said, that he should support the Amendment, for he had some reason to know that it would be acceptable to the landlords of Ireland. This very subject had been made a matter of consideration and discussion with the Grand Jury of the county of Limerick in his presence, and they unanimously concurred in taking upon themselves the payment of the tithes. He could, he believed, speak with equal confidence of the concurrence of the Grand Juries of the counties of Cork and Kerry; and as the members of all those Grand Juries were necessarily landed proprietors, this was, he thought, a pretty good criterion of the feelings of the landlords of Ireland on the point of compulsory power.

Mr. O'Reilly

could not entirely concur with the proposition of the hon. and learned member for Dublin, because it called upon the landlords to burthen their estates, without knowing or feeling that their doing so would conduce to the peace or tranquillity of Ireland. The only way or giving peace to Ireland would be to relieve the rack-rent tenants from all connection with tithe, and without this it would be vain to think of peace in that country.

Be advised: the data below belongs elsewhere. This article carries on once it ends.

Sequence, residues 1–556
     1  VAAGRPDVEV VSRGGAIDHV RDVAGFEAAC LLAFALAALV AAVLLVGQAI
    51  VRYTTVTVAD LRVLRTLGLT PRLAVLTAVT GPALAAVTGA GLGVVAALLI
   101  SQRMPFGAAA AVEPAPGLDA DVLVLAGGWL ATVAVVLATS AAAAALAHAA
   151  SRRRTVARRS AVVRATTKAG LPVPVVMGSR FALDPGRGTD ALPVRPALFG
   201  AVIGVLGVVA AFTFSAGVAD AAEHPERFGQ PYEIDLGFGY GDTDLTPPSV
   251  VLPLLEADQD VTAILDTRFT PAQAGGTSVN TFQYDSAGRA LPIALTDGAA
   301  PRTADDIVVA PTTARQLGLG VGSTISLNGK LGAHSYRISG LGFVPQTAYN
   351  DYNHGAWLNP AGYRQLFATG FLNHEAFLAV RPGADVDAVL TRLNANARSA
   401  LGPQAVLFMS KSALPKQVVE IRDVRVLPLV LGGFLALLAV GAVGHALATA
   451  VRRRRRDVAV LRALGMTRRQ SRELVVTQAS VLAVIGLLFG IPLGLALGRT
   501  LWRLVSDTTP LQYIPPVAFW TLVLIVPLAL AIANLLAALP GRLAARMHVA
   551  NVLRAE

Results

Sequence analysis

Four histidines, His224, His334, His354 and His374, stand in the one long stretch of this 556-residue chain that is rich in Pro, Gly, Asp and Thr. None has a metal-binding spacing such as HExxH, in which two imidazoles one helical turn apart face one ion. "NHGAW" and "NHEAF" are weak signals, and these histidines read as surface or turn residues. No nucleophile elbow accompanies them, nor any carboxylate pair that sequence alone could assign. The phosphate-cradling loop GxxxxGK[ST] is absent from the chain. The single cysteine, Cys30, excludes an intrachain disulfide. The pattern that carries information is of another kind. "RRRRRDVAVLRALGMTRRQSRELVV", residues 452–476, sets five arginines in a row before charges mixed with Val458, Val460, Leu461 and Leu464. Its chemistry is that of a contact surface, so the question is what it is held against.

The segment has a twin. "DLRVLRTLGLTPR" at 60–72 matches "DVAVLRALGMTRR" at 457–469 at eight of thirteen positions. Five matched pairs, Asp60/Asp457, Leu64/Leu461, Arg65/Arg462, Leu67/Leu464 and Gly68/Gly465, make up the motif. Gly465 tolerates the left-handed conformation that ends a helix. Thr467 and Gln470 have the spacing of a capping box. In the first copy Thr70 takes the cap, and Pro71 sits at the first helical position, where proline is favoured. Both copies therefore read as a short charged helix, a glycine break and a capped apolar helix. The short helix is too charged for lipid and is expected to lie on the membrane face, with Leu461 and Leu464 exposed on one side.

Mr. O'Connell

wished to impress on the House, that the object of his Amendment was, that if the landlords would not take the boon that was offered, the tenants should have the advantage of it.

Lord Althorp

said, that the object of the Government was to hold out to the landlords a temptation to take upon themselves the payment of tithes.

Dr. Lushington

said, that to save Ireland from a civil war he should support the Amendment of the hon. and learned member for Dublin. With respect to vindicating the law he had his doubts. For three years the law had been suspended, and it was not possible, while the tithe property was thus in abeyance, that the commutation could ever take place. He would support the proposition, though with reluctance.

Captain Jones could not agree with the learned Civilian, and would support the original proposition.

The Committee divided on the Amendment: Ayes 82; Noes 33—Majority 49.

List of the AYES.